RIVER FALLS — School Board on Monday night discussed options for K-12 students returning to classrooms in the fall, learning from home or some combination of the two.
The “Wildcat Roadmap to Reentry” presented July 20 by Superintendent Jamie Benson doesn’t conclude which learning environment will be in effect when school starts Sept. 1. That decision will be based on local COVID-19 conditions and guidance from health officials.
Instead, the document is a “playbook” to help the district quickly respond to pandemic-related interruptions while ensuring students, families and staff are supported, according to the meeting agenda.
Though some decisions may draw criticism, the district’s top priority is safety, Benson said. To that end, the district will attempt to balance public opinion, guidance from experts and potential negative consequences of students being away from school.
“This is not a win-win,” Benson said. “We’re attempting to make the best of a situation that none of us desire.”
The roadmap also is a living document, subject to change throughout the upcoming school year.
“Everything — absolutely everything — in this extensive plan for fall can change,” School Board President Stacy Johnson Myers said.
The board will continue to meet Mondays to discuss reopening schools, with a decision coming no later than Aug. 10, Johnson Myers said.
A district task force concluded in-person instruction was the best choice for students socially, emotionally and academically, though an online option would still be needed to accommodate COVID-19 concerns and medical restrictions.
Local parents also favor classroom instruction if schools reopen, according to a recent district survey. Of 1,546 survey participants, 88.6% said their children would attend in-person classroom instruction while 11.4% said their children are interested in attending school online if offered.
Community interest in the district's decision is high, board members said. So much so, the meeting was paused Monday after the Zoom stream reached its viewer capacity and the district had to start an alternate stream on Facebook.
Here are some of the proposed changes to district operations as outlined in the roadmap:
1. Masks and distancing
Students and staff will be expected to wear masks if they are within six feet of others. Students will be provided at least one cloth mask and receive instruction on proper technique. Disposable masks will be available if a student forgets their mask at home.
The focus will be to educate students about perseverance and the importance of masks, and not doling out punishment to students for breaking the rules, Benson said.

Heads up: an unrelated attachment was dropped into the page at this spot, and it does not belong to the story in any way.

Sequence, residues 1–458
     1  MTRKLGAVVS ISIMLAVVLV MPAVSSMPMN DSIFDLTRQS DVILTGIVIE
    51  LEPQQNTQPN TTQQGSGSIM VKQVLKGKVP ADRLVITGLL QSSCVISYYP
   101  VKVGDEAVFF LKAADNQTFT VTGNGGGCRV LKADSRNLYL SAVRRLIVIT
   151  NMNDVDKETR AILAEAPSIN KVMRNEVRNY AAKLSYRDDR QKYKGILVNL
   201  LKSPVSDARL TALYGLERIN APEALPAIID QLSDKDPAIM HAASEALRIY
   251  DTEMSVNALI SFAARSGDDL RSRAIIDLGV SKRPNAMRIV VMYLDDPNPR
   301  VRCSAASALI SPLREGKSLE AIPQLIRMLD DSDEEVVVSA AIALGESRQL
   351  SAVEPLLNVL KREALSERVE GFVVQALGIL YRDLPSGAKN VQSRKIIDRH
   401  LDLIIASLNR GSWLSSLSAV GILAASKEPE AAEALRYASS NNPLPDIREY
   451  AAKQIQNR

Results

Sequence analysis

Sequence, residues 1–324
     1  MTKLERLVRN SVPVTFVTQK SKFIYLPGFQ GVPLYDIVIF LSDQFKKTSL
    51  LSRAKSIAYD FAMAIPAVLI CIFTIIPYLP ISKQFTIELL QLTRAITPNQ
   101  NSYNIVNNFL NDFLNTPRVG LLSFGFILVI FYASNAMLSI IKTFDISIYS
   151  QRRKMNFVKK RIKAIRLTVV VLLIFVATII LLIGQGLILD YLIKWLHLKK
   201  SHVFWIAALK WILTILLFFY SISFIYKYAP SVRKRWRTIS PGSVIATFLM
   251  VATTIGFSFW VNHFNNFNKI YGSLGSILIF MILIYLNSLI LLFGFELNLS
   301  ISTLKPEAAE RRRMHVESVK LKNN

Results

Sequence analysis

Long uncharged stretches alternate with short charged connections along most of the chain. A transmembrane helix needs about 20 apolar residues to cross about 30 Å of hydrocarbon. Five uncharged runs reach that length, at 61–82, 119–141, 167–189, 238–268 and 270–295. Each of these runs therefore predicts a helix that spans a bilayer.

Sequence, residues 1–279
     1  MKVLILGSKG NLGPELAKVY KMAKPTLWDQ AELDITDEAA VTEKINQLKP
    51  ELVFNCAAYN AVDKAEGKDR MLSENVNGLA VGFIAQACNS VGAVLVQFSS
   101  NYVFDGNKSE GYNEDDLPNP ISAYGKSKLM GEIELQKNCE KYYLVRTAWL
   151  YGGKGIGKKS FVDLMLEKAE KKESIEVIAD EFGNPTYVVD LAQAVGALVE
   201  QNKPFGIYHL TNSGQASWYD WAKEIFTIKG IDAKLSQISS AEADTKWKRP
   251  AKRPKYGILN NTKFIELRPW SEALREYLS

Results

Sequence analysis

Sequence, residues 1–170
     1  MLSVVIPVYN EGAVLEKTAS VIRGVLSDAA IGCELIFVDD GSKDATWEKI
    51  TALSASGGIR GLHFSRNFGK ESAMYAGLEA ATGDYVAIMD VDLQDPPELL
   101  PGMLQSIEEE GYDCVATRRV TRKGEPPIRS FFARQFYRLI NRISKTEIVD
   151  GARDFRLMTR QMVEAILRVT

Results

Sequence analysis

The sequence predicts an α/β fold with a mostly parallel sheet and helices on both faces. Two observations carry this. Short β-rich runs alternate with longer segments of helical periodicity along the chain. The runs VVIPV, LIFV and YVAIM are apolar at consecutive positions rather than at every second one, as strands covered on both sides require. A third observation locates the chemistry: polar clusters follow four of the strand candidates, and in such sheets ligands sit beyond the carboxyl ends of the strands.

Additionally, elementary students will be expected to stay with their classroom cohort throughout the day, while secondary students will have staggered passing times and limited locker access. Students will be allowed to bring backpacks into the classroom.
2. Building changes
The roadmap calls for transparent barriers to be installed in the main offices and other high traffic areas, as well as a beefed up cleaning schedule. Drinking fountain use will be limited to filling water bottles.
If students come down with COVID-19 symptoms, they will wait for their parents in a staffed isolation room separate from the health office.
3. More staffing
The district anticipates staffing shortages due to COVID-19, according to the roadmap. The plan calls for new hires such as e-school instructors, substitutes, health aides and custodial support.
School Board on Monday approved an updated staffing plan with potential reassignments and additions.
4. Bus routes and capacity
The district plans to run buses under capacity to allow students to keep their distance onboard. Students will be required to wear masks on the bus, and siblings will be asked to sit together. Buses will undergo extra cleaning each day.
To reduce bus ridership, the district is considering expanding the radius of walking zones and, in the case of Westside Elementary, add an asphalt walking path through the Westside field.
5. Staggered lunches
All schools will see changes to food service, including staggered lunch schedules, simpler menus, disposable utensils and extended service times. For elementary schools, lunch service could be extended by as much as 30 minutes. Additional rooms will also be used to create a larger dining area to accommodate distancing.